Next to one pond, visitors can drink the cool water straight from the source. The ponds are quite deep and have interesting freshwater plant life and large fish that make a visit to the ponds almost like visiting an aquarium. Although the ponds have been developed into tourist attractions and can become quite crowded with visitors, they have a pleasant atmosphere as long as you do not expect untouched nature. For more information...
Shiraito Falls (白糸の滝, Shiraito no Taki) are located in the
southwestern foothills of Mount
Fuji. Ranked among the most beautiful waterfalls in Japan, the 150 meter
wide cascade is fed by the volcano's spring water and flows off the edge of a 20
meter high cliff in thin white streams that resemble hanging threads of silk -
hence its name. The base of the waterfall is easily accessible from the road via
a walking trail in just a few minutes.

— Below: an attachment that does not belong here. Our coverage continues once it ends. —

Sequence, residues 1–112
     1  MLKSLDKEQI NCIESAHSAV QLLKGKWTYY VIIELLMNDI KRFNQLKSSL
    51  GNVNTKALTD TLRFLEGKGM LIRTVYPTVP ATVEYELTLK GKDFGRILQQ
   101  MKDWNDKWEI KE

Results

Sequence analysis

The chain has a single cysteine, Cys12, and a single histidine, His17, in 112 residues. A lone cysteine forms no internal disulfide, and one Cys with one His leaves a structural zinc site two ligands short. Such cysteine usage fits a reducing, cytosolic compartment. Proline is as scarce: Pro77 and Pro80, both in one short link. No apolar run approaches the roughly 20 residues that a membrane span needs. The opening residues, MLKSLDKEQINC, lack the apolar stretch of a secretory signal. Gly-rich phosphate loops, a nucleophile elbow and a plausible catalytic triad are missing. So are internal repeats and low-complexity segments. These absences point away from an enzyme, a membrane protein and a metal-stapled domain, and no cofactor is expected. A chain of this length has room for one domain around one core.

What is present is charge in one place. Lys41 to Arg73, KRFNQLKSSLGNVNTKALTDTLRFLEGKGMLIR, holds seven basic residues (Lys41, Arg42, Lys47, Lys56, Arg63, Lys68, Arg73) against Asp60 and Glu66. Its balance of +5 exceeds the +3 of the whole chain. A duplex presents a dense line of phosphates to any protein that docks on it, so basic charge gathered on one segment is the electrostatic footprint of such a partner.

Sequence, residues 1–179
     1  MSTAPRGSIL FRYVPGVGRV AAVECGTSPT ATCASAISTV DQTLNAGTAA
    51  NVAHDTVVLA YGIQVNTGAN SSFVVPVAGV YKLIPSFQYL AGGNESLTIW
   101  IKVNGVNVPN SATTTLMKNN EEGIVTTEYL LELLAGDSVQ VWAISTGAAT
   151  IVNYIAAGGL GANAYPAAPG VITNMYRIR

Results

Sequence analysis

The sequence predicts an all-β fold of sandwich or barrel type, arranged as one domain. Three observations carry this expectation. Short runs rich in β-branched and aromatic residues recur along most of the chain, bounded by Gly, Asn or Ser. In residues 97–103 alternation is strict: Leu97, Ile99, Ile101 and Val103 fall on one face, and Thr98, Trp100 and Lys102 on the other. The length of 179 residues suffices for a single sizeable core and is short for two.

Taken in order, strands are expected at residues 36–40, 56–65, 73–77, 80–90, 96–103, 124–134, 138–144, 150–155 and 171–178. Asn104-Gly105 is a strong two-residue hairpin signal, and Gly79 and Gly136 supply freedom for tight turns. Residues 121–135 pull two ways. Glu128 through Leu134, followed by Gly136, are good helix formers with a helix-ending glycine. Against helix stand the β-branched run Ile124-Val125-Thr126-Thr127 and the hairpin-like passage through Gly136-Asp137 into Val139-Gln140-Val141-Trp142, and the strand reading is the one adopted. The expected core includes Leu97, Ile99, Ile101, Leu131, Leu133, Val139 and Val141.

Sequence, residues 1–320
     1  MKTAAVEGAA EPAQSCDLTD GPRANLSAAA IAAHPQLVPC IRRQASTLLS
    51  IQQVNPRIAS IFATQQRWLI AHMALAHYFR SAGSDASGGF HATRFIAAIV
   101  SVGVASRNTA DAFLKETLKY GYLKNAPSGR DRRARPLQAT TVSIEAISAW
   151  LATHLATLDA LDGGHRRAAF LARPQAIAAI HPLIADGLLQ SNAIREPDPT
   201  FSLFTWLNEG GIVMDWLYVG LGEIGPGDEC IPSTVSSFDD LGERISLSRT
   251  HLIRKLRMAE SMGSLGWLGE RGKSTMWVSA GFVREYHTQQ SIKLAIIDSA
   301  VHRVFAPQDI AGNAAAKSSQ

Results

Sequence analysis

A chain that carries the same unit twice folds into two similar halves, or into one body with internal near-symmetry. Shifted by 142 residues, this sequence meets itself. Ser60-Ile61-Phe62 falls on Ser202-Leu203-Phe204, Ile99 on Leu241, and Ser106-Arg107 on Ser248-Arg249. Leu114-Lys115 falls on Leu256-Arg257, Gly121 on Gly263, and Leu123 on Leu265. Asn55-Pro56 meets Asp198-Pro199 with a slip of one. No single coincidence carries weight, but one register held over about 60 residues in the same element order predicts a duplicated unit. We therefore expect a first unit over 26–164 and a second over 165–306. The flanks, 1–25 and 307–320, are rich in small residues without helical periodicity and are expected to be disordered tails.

Several souvenir shops line the trail that leads down to the falls. Along the way, there are nice views of Otodome Falls, another thundering, 25 meter high column of water. The area is at its best in summer when the waterfalls are flush with the winter snow melt from Mount Fuji and the green foliage is at its fullest, and during the autumn season (usually from mid to late November) when the leaves change. For more information...
Sengen Shrine (富士山本宮浅間大社, Fujisan Hongū Sengen Taisha) is located in Fujinomiya
City in the southwestern foothills of Mount
Fuji. Originally built over 1000 years ago for the protection from volcanic
eruptions, it has become the region's most important shrine and the head shrine
of over 1300 Sengen and Asama shrines nationwide. The shrine is
also a traditional starting point for climbing
In the past, Fujisan Sengen Shrine was one of the largest and grandest shrines of the day. The current buildings were constructed by Tokugawa Ieyasu in the early 1600s, however many of the original structures were destroyed by earthquakes and only the Inner Shrine, Outer Shrine and Tower Gate remain. The Inner Shrine features a unique, two-story construction built in the Sengen architectural style, so named after the shrine. For more information...